David Rabuka Ph.D., Redwood’s co-founder and Chief Scientific Officer, added, “We are very excited to be closely allied with Catalent. The technical synergy between Redwood and Catalent is a unique opportunity to provide unparalleled access to the next generation of bioconjugates."


Further Information

Join For Free

Access to this exclusive content is for Technology Networks Premium members only.

Join Technology Networks Premium for free access to:

  • Exclusive articles
  • Presentations from international conferences
  • Over 2,900+ scientific posters on ePosters
  • More than 4,200+ scientific videos on LabTube
  • 35 community eNewsletters


Sign In



Forgotten your details? Click Here
If you are not a member you can join here

*Please note: By logging into TechnologyNetworks.com you agree to accept the use of cookies. To find out more about the cookies we use and how to delete them, see our privacy policy.


Scientific News
Leukemia’s Surroundings Key to its Growth
Researchers at The University of Texas at Austin have discovered that a type of cancer found primarily in children can grow only when signaled to do so by other nearby cells that are noncancerous.
Unique Mechanism for a High-Risk Leukemia
Researchers uncovered the aberrant mechanism underlying a notoriously treatment-resistant acute lymphoblastic leukemia subtype; findings offer lessons for understanding all cancers.
Food Triggers Creation of Regulatory T Cells
IBS researchers document how normal diet establishes immune tolerance conditions in the small intestine.
Therapeutic Approach Gives Hope for Multiple Myeloma
A new therapeutic approach tested by a team from Maisonneuve-Rosemont Hospital (CIUSSS-EST, Montreal) and the University of Montreal gives promising results for the treatment of multiple myeloma, a cancer of the bone marrow currently considered incurable with conventional chemotherapy and for which the average life expectancy is about 6 or 7 years.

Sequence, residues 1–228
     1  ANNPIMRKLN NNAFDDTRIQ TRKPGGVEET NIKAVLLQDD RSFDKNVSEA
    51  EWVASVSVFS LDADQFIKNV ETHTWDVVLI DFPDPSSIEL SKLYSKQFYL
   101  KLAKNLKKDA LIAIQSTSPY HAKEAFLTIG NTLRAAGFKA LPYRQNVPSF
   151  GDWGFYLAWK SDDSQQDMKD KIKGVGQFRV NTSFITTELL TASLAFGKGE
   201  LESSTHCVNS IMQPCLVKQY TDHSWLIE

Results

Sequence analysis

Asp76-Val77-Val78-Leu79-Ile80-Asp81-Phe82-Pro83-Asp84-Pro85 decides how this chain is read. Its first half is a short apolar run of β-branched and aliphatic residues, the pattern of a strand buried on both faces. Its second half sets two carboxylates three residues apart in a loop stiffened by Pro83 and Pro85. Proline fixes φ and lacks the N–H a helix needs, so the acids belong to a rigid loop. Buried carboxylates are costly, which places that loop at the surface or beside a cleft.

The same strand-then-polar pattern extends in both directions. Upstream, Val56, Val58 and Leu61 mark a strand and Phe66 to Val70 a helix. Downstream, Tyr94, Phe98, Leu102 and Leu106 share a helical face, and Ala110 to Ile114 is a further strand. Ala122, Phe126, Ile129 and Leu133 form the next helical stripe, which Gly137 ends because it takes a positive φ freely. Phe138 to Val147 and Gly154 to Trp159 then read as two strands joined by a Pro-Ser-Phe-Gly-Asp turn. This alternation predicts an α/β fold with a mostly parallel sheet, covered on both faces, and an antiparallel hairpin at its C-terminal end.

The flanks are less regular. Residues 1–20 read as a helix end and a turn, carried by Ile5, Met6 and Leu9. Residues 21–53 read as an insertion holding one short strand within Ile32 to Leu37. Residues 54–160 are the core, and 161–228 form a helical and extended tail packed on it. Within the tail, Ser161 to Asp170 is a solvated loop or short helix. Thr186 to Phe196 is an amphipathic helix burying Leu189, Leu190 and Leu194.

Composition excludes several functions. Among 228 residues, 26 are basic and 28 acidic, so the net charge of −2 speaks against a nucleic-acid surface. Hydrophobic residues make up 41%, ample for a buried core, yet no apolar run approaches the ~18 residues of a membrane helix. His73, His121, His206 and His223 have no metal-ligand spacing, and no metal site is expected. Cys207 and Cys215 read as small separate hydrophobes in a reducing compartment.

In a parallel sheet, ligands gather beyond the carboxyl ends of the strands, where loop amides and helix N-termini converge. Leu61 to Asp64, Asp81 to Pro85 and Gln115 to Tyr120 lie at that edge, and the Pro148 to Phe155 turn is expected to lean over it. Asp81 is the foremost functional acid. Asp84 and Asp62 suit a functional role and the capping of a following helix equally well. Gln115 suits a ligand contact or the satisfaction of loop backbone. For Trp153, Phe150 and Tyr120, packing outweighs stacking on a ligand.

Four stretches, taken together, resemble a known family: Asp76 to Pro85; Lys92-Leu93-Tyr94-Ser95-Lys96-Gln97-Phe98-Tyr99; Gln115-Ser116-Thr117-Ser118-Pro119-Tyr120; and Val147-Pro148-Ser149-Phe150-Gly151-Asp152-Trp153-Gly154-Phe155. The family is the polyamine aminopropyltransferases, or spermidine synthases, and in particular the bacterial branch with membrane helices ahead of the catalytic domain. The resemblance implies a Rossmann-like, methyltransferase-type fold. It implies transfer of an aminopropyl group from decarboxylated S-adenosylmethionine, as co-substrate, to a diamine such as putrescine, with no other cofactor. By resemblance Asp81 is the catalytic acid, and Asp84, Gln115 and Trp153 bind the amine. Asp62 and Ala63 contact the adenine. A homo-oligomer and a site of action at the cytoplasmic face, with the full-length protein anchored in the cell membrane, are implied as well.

Cellular 'Relief Valve'
A team led by scientists at The Scripps Research Institute (TSRI) has solved a long-standing mystery in cell biology by showing essentially how a key “relief-valve” in cells does its job.
Switch Lets Salmonella Fight, Evade Immune System
Researchers at the University of Illinois at Chicago have discovered a molecular regulator that allows salmonella bacteria to switch from actively causing disease to lurking in a chronic but asymptomatic state called a biofilm.
Tricked-Out Immune Cells Could Attack Cancer
New cell-engineering technique may lead to precision immunotherapies.
Neural Networks Adapt to the Presence of a Toxic HIV Protein
HIV-associated neurocognitive disorders (HAND) afflict approximately half of HIV infected patients.
HIV Protein Manipulates Hundreds of Human Genes
Findings search for new or improved treatments for patients with AIDS.
Breaking the Brain’s Garbage Disposal
The children’s ataxia gene problem turned out to be not such a big deal genetically — it was such a slight mutation that it barely changed the way the cells made the protein.
SELECTBIO

Skyscraper Banner
Go to LabTube
Go to eposters
 
Access to the latest scientific news
Exclusive articles
Upload and share your posters on ePosters
Latest presentations and webinars
View a library of 1,800+ scientific and medical posters
2,900+ scientific and medical posters
A library of 2,500+ scientific videos on LabTube
4,200+ scientific videos
Close
Premium CrownJOIN TECHNOLOGY NETWORKS PREMIUM FOR FREE!